Third Sunday after Epiphany (Year C)
Third Sunday after Epiphany Lectionary Text
January 24, 2010; Nehemiah 8:1-3, 5-6, 8-10; Psalm 19; 1 Corinthians 12:12-31a; Luke 4:14-21
Lectionary Text Nehemiah 8:1-3, 5-6, 8-10: “…all the people gathered together into the square before the Water Gate. They told the scribe Ezra to bring the book of the Law of Moses, which the Lord had given to Israel. Accordingly, the priest Ezra brought the law before the assembly, both men and women and all who could hear with understanding. This was on the first day of the seventh month. He read from it facing the square before the Water Gate from early morning until midday, in the presence of the men and the women and those who could understand; and the ears of all the people were attentive to the book of the law. And Ezra opened the book in the sight of all the people, for he was standing above all the people; and when he opened it, all the people stood up. Then Ezra blessed the Lord, the great God, and all the people answered, ‘Amen, Amen’, lifting up their hands. Then they bowed their heads and worshipped the Lord with their faces to the ground. So they read from the book, from the law of God, with interpretation. They gave the sense, so that the people understood the reading. And Nehemiah, who was the governor, and Ezra the priest and scribe, and the Levites who taught the people said to all the people, ‘This day is holy to the Lord your God; do not mourn or weep.’ For all the people wept when they heard the words of the law. Then he said to them, ‘Go your way, eat the fat and drink sweet wine and send portions of them to those for whom nothing is prepared, for this day is holy to our Lord; and do not be grieved, for the joy of the Lord is your strength.’
Lectionary Text Luke 4:14-21: “ Then Jesus, filled with the power of the Spirit, returned to Galilee, and a report about him spread through all the surrounding country. He began to teach in their synagogues and was praised by everyone. When he came to Nazareth, where he had been brought up, he went to the synagogue on the Sabbath day, as was his custom. He stood up to read, and the scroll of the prophet Isaiah was given to him. He unrolled the scroll and found the place where it was written: ‘The Spirit of the Lord is upon me, because he has anointed me to bring good news to the poor. He has sent me to proclaim release to the captives and recovery of sight to the blind, to let the oppressed go free, to proclaim the year of the Lord’s favor. And he rolled up the scroll, gave it back to the attendant, and sat down. The eyes of all in the synagogue were fixed on him. Then he began to say to them, ‘Today this scripture has been fulfilled in your hearing.’
COMMENT: “Ezra was a Jewish priestly scribe who led about 5,000 Israelite exiles living in Babylon to their home city of Jerusalem in 459 BCE. Ezra reconstituted the dispersed Jewish community on the basis of the Torah and with an emphasis on the law. According to the Hebrew Bible, Ezra resolved the identity threat which arose by the intermarriage between Jews and foreigners and provided a definite reading of the Torah.” (Wikipedia).
If I were to compare these texts I would conclude that Ezra and the other Levites and the Jews in the Synagogue in Nazareth believed in the prominence and power of public reading of the Scripture. For Ezra, if the Israelites had heard and ‘understood’ the Scriptures, they would have known that mixed marriage was forbidden by God. For Ezra, the remedy was to read a loud and teach Scripture. (I want to make is clear that I am not personally condoning or condemning mixed marriages, whatever that means today.)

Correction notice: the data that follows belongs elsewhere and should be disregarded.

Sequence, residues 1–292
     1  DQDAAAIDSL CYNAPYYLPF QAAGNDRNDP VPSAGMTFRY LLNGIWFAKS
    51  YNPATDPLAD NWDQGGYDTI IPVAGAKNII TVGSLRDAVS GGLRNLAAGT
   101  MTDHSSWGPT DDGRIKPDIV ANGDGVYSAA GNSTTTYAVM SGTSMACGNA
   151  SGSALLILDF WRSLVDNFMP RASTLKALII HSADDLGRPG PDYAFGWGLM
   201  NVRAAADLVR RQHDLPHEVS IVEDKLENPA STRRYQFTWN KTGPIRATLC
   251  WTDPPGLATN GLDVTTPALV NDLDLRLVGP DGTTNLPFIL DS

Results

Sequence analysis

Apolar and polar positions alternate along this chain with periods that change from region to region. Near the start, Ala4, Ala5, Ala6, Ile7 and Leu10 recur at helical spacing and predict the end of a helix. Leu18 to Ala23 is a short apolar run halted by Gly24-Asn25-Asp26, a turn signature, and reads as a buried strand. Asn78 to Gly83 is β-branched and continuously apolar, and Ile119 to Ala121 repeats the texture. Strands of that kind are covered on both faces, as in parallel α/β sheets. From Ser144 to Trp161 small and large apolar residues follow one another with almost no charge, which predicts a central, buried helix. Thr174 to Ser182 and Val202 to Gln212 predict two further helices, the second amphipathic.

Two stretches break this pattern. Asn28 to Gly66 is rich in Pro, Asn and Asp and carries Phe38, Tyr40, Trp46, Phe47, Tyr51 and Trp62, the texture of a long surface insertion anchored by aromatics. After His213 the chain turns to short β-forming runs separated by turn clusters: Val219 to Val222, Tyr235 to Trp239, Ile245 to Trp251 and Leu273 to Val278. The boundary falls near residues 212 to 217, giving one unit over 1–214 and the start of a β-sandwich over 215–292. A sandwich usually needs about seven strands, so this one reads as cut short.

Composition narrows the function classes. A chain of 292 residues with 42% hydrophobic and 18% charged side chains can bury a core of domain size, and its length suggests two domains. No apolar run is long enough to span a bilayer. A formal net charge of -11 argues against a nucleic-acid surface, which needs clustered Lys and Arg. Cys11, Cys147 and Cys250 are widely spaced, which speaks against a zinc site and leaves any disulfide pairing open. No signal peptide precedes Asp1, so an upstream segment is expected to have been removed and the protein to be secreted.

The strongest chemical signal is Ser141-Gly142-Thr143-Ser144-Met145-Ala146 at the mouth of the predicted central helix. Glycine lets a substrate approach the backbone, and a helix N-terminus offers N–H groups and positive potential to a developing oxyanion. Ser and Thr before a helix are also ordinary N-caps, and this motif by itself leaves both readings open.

The public Scripture readings elicited a response in the people that the Evangelical Church would probably call a revival.
Approximately 489 years later the tradition begun by Ezra was still in effect in the Jewish community as Jesus stood to read in the Synagogue in Nazareth. By Jesus’ time the books of the prophets were added to public reading. Jesus was given the book of the prophet Isaiah. Jesus opened to the place we call chapter 61 and read, “The Spirit of the Lord is upon me, because he has anointed me to bring good news to the poor. He has sent me to proclaim release to the captives and recovery of sight to the blind, to let the oppressed go free, to proclaim the year of the Lord’s favor.”
After Jesus completed the reading, all those present waited to hear his explanation. Whatever the expectations of Jesus’ hearers, it is now more important to ask, “Are Jesus’ words relevant to you and me today?”
For many reasons there are those who shun public worship. However, there is something to be said about the effect on the individual when the community of faith, gather to affirm each other while hearing God’s Word. From the hearing, the ‘company of saints’ learn to provide for the poor materially or spiritually. Those held captive in the grip of grief and sorrow find there is effectual prayer among believers. By listening, to the words of liberation, those who are oppressed by addictions of all kinds are freed. There is an understanding of the Scriptures that only occurs in fellowship with God’s people; to ‘see’, “the joy of the Lord is your strength.”
Today the promises of Jesus of Nazareth, still call to us down the corridors of time. The Holy Spirit speaks to us, “Today is the acceptable year of the Lord; Today this scripture has been fulfilled in your hearing.”
© January 22, 2010
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